Pacific Rim pact to boost Canada's access to U.S. sugar market

Wed Oct 7, 2015 1:07pm EDT
 
Email This Article |
Share This Article
  • Facebook
  • LinkedIn
  • Twitter
| Print This Article | Single Page
[-] Text [+]

NEW YORK (Reuters) - The landmark Pacific Rim trade deal will boost Canada's access to the U.S. sugar market by 19,200 tonnes, a trade group said on Wednesday, making it the second nation to gain greater access to the coveted U.S. sugar market through the pact agreed this week.

That includes 9,600 tonnes refined sugar quota through the Trans-Pacific Partnership (TPP), on top of the existing 10,300 tonnes it currently has through World Trade Organization (WTO) commitments, said Sandra Marsden, president of the Canadian Sugar Institute.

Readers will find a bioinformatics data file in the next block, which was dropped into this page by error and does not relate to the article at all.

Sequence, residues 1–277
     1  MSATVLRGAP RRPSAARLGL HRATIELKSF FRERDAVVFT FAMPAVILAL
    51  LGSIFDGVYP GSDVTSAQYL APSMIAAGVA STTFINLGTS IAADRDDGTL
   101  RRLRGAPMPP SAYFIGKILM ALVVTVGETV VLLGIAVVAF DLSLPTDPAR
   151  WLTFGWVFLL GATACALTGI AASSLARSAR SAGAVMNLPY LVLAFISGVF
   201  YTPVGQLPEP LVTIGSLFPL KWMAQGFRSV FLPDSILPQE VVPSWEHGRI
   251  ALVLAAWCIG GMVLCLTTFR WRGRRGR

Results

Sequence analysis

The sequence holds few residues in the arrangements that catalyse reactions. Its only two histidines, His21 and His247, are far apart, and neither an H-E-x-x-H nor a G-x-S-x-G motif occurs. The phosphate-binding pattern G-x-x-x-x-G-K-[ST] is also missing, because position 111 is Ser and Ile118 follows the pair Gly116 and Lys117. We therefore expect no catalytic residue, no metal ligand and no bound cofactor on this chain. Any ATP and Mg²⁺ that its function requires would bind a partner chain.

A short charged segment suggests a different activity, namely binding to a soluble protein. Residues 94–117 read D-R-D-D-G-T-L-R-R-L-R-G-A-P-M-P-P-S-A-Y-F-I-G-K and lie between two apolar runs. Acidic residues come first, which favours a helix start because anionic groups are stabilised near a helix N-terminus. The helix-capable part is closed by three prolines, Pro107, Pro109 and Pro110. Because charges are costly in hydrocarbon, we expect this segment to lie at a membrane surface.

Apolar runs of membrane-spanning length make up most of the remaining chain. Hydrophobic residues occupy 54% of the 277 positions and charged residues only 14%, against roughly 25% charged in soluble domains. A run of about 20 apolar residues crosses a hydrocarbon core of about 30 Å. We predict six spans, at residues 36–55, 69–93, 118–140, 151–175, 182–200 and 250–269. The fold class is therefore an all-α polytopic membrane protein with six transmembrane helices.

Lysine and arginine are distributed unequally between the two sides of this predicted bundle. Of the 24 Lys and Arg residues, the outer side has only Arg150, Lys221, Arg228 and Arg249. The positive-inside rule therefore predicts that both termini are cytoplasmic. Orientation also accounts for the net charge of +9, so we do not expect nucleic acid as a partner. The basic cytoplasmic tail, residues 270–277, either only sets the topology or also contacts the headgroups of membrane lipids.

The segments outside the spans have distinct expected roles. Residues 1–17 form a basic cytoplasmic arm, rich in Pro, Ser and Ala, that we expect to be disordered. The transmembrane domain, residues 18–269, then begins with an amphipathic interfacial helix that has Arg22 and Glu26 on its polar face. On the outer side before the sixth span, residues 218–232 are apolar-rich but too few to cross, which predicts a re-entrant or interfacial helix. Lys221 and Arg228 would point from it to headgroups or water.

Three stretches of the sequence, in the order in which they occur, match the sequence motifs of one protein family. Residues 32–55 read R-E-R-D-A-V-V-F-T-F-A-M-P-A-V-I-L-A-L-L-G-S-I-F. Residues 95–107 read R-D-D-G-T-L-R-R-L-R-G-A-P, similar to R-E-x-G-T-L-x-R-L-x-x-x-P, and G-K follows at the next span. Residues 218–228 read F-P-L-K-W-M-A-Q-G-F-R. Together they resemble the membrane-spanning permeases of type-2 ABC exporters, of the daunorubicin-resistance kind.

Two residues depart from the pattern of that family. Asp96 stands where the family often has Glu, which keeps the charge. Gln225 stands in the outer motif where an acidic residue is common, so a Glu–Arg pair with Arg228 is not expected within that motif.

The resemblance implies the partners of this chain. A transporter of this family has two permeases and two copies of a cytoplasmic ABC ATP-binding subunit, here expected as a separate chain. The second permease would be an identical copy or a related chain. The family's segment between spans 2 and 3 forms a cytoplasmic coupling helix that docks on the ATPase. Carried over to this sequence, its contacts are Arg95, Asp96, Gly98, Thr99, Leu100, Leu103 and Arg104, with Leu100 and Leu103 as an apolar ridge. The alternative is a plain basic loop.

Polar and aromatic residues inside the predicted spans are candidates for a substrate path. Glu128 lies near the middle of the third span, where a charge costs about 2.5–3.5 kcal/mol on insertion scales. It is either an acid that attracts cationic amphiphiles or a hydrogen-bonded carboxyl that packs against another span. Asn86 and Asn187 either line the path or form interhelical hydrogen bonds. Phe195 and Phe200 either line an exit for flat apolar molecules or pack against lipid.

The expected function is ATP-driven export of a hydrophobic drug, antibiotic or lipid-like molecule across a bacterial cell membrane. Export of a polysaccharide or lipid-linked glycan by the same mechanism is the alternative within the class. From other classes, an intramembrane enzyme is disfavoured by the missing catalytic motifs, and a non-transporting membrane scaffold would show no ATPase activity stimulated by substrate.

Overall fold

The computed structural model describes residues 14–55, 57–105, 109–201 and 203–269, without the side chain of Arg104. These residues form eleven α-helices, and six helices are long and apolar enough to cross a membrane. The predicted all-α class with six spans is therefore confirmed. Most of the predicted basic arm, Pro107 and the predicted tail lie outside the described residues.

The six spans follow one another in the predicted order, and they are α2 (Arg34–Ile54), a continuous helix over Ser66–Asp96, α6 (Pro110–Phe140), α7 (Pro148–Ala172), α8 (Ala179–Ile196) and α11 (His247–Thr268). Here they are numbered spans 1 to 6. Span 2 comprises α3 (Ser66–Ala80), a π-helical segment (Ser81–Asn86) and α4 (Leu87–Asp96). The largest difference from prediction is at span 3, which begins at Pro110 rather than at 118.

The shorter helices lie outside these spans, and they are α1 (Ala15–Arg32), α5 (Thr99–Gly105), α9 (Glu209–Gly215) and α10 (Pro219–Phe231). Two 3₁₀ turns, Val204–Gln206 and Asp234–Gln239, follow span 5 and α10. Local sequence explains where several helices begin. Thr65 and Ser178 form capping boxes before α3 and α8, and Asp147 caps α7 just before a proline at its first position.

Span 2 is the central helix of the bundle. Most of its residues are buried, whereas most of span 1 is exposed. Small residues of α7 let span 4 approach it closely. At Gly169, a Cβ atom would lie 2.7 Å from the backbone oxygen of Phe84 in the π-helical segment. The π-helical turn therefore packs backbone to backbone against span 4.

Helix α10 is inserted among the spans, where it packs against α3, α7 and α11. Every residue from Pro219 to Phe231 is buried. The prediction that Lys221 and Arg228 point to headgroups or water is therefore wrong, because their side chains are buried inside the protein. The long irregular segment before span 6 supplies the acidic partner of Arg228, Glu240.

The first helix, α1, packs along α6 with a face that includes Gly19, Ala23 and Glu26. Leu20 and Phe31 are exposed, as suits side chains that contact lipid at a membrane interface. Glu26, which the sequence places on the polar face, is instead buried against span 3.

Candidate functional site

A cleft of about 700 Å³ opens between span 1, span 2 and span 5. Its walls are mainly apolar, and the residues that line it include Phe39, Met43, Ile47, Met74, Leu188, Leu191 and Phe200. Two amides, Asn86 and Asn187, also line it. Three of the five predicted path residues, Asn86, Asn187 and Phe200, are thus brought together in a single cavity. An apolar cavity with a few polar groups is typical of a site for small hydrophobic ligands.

The TPP also includes a boost of 9,600 tonnes of quota for sugar containing-products, said Marsden. Canada currently has a quota of 59,250 tonnes for those products.

The news comes after protracted talks for the 12-country deal during which sugar had been considered a sticking point. Australia, the world's third-largest exporter, will get a boost of 65,000 tonnes and a larger share of any discretionary quota increases in years to come.

The U.S. market is a coveted destination for the sweetener, as local prices trade at a significant premium to global levels due to a complex network of import restrictions and price guarantees.

"This is a step in the right direction, but it's small in relation to the 11-million-tonne U.S. sugar market," Marsden said.

The U.S. government doles out a minimum of 22,000 tonnes for refined sugar under existing WTO commitments and of 1.1 million tonnes quota for raw supplies.

For refined sugar producers, the increase is significant. Additional quotas are rarely doled out for the white sugar and has not been increased since the 2011/12 fiscal year, Marsden said.

U.S. domestic raw sugar futures traded on ICE Futures U.S. traded up 0.69 cent, or 2.8 percent, at 25.44 cents a lb by 12:23 p.m., the highest since the January 2015 despite the news.   Continued...